Why Facebook's angry emoji should interest the US SEC

·4-min read

Facebook may have a new name, but a rebrand won’t erase the multiple recent disclosures illustrating how destructive the company is for society — and how harmful it is for its own investors.

The revelations from Facebook whistleblower Frances Haugen were shocking but not surprising. According to Haugen, who worked for the tech giant on election security matters before leaving and turning over a large cache of documents to the press, lawmakers and regulators, Facebook consistently knew that its algorithms were harming society and the vulnerable, with reprehensible actions like pushing so-called “thin-spiration” to teenage girls, which can increase the likelihood of anorexia.

A recent analysis of internal Facebook documents showed that Facebook engineers treated emoji reactions — including the “angry” emoji — as five times more valuable than “likes,” favoring controversial posts to keep users engaged -- and profits flowing.

This isn’t just a story of a company acting against the public interest and harming its own consumers; it is also a story about one acting against its investors. According to Haugen, the company misled its shareholders about basic business facts, from how it addresses safety to the size of its user base.

By serially failing to tell investors this kind of critical information, Facebook may have violated our securities laws and regulations. And Haugen has filed at least eight complaints with the Securities and Exchange Commission alleging that Facebook has broken the law for withholding material information related to the company’s internal research.

Meanwhile, a second unnamed whistleblower provided an affidavit to the SEC alleging that Facebook prioritizes growth and profits over hate speech and misinformation.

As notable as whistleblower allegations are, it is surprising that the role the SEC could play in regulating and containing Facebook hasn’t received top billing. While Facebook is a tech company, it is first and foremost a publicly traded company, and therefore subject to SEC regulations and oversight.

It was the Obama-era SEC that originally approved Facebook’s 2012 initial public offering although the process included a strange special class of shares that continued to give Mark Zuckerberg total effective control over the company even after it became public. Additionally, it was the Trump-era SEC that settled with Facebook over its failure to properly disclose to investors that it knew the scandalous data company Cambridge Analytica had accessed and misused the Facebook data of approximately 30 million Americans.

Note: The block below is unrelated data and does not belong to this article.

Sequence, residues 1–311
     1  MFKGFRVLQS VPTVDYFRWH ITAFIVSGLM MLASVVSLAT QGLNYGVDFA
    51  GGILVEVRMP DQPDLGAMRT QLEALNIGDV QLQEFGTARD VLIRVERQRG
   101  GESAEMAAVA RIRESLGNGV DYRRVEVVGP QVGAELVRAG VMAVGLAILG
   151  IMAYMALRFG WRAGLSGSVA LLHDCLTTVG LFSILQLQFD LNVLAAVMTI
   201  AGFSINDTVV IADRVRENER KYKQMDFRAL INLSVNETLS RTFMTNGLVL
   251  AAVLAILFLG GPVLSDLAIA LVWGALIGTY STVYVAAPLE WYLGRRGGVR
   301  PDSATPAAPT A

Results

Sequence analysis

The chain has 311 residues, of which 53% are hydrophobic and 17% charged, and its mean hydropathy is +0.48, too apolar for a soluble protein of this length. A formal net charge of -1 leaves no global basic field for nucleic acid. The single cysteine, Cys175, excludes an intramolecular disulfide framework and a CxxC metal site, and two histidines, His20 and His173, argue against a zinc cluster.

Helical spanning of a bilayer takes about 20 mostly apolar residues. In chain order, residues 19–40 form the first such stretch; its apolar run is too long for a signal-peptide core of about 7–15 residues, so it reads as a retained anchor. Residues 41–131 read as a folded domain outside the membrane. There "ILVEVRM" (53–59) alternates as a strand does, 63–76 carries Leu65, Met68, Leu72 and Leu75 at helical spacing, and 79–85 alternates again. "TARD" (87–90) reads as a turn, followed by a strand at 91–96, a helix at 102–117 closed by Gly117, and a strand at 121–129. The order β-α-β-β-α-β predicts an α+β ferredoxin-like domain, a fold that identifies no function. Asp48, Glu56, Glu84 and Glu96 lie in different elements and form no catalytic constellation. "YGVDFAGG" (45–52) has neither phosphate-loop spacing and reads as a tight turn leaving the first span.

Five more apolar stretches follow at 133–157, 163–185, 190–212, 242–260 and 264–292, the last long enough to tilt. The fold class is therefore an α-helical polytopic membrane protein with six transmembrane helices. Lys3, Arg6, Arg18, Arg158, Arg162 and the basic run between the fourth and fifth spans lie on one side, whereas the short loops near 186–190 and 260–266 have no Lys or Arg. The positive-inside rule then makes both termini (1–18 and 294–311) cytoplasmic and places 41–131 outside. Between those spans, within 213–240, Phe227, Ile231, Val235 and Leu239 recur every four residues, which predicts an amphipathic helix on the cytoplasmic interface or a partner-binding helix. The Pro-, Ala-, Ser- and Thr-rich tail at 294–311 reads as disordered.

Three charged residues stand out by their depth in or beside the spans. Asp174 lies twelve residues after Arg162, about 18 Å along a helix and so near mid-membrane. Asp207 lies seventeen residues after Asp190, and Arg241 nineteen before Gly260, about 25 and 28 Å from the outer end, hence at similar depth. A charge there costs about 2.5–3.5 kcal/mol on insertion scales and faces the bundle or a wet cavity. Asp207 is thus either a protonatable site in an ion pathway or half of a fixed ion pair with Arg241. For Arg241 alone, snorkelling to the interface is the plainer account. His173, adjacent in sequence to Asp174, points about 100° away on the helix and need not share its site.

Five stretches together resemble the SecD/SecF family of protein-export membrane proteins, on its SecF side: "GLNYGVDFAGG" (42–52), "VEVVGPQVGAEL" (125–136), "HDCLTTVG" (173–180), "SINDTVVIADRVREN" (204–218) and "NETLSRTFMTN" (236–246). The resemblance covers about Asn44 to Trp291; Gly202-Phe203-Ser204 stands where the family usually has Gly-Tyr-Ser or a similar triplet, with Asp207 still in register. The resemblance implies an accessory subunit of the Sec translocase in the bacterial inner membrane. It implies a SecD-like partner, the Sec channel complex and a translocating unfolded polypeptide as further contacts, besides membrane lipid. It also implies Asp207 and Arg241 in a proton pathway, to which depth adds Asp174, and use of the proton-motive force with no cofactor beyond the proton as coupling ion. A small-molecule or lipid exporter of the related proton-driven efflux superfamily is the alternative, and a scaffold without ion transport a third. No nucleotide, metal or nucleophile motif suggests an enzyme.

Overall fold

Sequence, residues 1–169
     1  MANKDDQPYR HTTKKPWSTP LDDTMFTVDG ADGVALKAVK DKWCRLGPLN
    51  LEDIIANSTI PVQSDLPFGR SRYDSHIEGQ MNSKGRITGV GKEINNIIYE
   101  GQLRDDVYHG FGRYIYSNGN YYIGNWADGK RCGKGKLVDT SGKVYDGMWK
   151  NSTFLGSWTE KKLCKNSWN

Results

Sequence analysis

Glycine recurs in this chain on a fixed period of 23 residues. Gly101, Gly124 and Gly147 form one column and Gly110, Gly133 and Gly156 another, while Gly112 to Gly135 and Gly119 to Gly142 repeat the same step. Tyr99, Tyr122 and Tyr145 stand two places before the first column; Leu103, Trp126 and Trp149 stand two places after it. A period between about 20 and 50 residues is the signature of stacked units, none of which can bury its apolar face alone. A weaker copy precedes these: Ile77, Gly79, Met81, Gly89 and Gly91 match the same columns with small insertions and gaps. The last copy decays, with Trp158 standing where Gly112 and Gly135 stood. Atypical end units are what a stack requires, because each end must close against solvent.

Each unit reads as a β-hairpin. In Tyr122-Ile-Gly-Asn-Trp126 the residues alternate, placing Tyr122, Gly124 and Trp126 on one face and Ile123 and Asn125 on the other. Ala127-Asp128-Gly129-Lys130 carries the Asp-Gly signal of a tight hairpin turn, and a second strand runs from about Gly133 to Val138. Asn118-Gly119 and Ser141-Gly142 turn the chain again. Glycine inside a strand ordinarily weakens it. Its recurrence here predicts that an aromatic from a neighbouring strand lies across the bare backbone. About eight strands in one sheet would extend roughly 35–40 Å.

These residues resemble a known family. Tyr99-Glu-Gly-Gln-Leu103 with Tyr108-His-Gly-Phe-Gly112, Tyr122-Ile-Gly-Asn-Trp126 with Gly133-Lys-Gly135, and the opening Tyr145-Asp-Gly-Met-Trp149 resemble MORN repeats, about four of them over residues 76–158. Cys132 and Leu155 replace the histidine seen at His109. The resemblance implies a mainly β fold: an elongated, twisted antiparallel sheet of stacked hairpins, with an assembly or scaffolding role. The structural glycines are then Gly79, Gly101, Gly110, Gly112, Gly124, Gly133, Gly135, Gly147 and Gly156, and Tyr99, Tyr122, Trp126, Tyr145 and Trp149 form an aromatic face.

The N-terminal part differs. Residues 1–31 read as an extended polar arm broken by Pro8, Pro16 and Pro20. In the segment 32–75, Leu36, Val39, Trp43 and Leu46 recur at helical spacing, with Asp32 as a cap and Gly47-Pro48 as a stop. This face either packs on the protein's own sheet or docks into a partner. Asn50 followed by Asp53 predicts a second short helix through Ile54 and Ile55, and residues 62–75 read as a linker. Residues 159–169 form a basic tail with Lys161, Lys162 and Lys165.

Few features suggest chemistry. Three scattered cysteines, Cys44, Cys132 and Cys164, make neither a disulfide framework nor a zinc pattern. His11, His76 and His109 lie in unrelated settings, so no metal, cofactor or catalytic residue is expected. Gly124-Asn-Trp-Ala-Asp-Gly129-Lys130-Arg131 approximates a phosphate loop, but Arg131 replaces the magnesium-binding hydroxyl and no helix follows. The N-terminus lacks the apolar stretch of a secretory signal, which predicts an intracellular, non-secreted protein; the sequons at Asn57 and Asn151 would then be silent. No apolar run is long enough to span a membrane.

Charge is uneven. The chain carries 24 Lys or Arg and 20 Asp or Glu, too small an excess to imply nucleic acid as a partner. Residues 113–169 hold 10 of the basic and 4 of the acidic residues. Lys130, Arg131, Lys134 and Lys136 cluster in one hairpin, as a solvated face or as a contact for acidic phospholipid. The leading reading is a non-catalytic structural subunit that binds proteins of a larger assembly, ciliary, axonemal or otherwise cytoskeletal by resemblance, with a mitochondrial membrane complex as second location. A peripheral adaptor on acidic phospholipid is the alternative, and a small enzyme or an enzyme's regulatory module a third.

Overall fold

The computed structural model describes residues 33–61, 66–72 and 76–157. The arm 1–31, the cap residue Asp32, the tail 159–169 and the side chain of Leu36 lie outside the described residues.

Asking the SEC to take a closer look at Facebook, a company that has settled with the commission within the last two and a half years over securities law violations, should be ordinary, reasonable and what we expect of our securities regulator.

Americans are lucky that the Biden administration has placed strong regulators in charge of the SEC and Federal Trade Commission by appointing Gary Gensler and Lina Khan their respective chairs. But just as Facebook and the other Big Tech behemoths have come to touch all aspects of our economy, politics and everyday life, the task of properly regulating and containing these firms is larger than any one or two agencies.

What we need to truly tackle the questions and threats posed by large tech firms is a whole-of-government approach. The Biden administration has made a good first step with its Council on Competition, but this must represent the first cut rather than a final product. It also means refusing to give large tech firms access to new markets to dominate, from fintech to currency to special government contracts, understanding that these companies would almost certainly use these opportunities to grow even more powerful at the expense of smaller firms and consumers.

We also need the engagement of Congress on these critical questions. On the same day that Haugen was testifying before a Senate subcommittee, the House Financial Services Committee held a hearing on SEC oversight. Despite several days of coverage of Haugen’s incendiary claims, the hearing went for hours without a single comment or question about the SEC’s role in holding Facebook accountable to its investors.

The failure of this key oversight opportunity represents a lack of imagination and coordination. To truly address the dangers of Big Tech, we need every member to be thinking about remedies for dealing with these gigantic companies, including pushing the Biden administration to do more.

Haugen is not the first whistleblower to emerge from Facebook, nor will she be the last. The time has passed for the U.S. federal government to meekly watch as Big Tech employees, shareholders, contractors and even the founders lay out the dangers these companies pose to Americans.

As the companies grow in size, power and danger, now is the time for the Biden administration to act boldly, aggressively and cohesively, beginning with the SEC taking up the cause and thoroughly investigating Facebook and fully enforcing our laws.

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